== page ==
Leadership role in NCI effort to advance glioblastoma treatments

June 24, 2022

Mayo Clinic is helping to lead a national program to develop and test novel therapies for adults with glioblastoma. Funded by the National Cancer Institute (NCI), the Glioblastoma Therapeutics Network (GTN) is a U19 research program focused on driving therapeutic agents from preclinical development to pilot clinical studies.

"The neuro-oncology community is rethinking its approach to experimental glioblastoma therapies," says Ian F. Parney, M.D., Ph.D., a neurosurgeon at Mayo Clinic in Rochester, Minnesota. "Although glioblastoma absolutely has a better prognosis now than it had 20 years ago, other types of cancer have seen much more dramatic improvement."

Dr. Parney co-directs GTN's network coordination center, which harmonizes the group's scientific and clinical activities. The other co-director is Susan M. Geyer, Ph.D., a biostatistician at Mayo Clinic's campus in Minnesota.

GTN's work incorporates two main objectives:

  • To determine that any potential treatment has some effect that crosses the blood-brain barrier before that treatment enters clinical trials
  • To conduct phase 0 clinical trials to obtain preliminary information on safety and efficacy

"There is much greater awareness now of the importance of any potential treatment — whether it's a drug, a virus or a vaccine — being able to overcome the blood-brain barrier," Dr. Parney says. "We hope our approach will concentrate efforts on therapies that have a greater chance of helping patients. We want to do better for patients with glioblastoma — and do it sooner."

Collaboration to spur progress

The median survival for individuals with glioblastoma is about 15 months. In addition to the blood-brain barrier, other challenges to finding effective treatments include the genetic heterogeneity of glioblastoma tumor cells and the immunosuppressive tumor microenvironment.

GTN members share reagents, assay protocols, animal models, patient samples, technologies and the development of clinical protocols. In addition to Mayo Clinic, network members include the University of California San Francisco, Northwestern University, Harvard University, City of Hope, Yale University, Duke University and University of Texas Southwestern Medical Center.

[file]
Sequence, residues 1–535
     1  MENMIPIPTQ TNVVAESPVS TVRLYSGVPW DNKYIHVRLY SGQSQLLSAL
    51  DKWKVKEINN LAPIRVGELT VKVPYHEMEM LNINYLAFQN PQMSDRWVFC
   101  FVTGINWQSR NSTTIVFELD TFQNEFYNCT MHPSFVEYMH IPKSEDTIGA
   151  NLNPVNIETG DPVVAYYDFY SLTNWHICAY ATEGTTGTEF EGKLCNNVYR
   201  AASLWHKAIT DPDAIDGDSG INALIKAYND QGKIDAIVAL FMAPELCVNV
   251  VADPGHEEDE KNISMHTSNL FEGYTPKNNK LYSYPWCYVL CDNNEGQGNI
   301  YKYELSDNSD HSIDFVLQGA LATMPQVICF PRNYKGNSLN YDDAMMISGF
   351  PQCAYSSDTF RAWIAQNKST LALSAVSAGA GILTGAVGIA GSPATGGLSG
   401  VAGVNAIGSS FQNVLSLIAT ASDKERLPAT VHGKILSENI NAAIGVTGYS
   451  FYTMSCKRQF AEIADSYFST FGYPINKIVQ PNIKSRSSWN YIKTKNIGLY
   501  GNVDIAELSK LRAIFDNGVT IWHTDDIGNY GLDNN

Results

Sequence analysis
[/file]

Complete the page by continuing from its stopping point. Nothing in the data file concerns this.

Five grant proposals, each involving two or three different centers, are in preparation. Mayo Clinic's research proposal is a partnership with Yale University. "Collaboration is built into the process," Dr. Parney says.

GTN collaboration includes standardizing testing methods and biomarkers — an important step toward finding treatments that address the heterogeneity of glioblastoma cells.

"Choosing particular biomarkers to be used in each GTN study can help us figure out whether tumors with particular molecular expression patterns or immune expression patterns will respond to a type of treatment," Dr. Parney says. "We might be able to find something as simple as a blood or urine test that would tell us if we're getting the response we would expect, in which case we'll continue to develop that therapy."

Phase 0 clinical trials can further boost research efficiency. They might entail giving selected patients a novel therapy before tumor resection, then assessing during surgery the therapy's ability to reach tumors and have the desired effect.

"It doesn't make sense to go on to bigger studies without that information, particularly if you're using a therapy that has never been given to patients with glioblastoma," Dr. Parney says.

GTN research builds on Mayo Clinic's previous studies of brain tumor therapy. One effort involves using contrast MRI to understand the pharmacokinetics of cefazolin and levetiracetam, commonly given to patients before brain tumor surgery.

Cefazolin, which doesn't cross the blood-brain barrier, would be expected to reach only areas of the brain where the barrier is broken. Levetiracetam, which does cross the barrier, would be expected to reach areas both where the barrier is intact and where it's broken.

"In fact, we've seen that it's not so simple," Dr. Parney says. "The areas where we would think the blood-brain barrier would be broken down aren't completely broken down. Sometimes the medications don't get to where we think they should. We are developing a more nuanced understanding of how this process works in people with brain tumors and how we can model that in our clinical trials."

Dr. Parney notes the tremendous strides already made in brain tumor surgeries, radiation therapies, chemotherapies and targeted therapies. "Even patients with the most-aggressive brain tumors can do well for years after treatment," he says.

GTN's goal is to further boost that progress. "Pooling our resources of knowledge will help us to be smarter and tailor our treatments," Dr. Parney says. "It's an exciting time. We're getting onto the threshold of things that will really make a profound difference for even more patients."

For more information

Refer a patient to Mayo Clinic.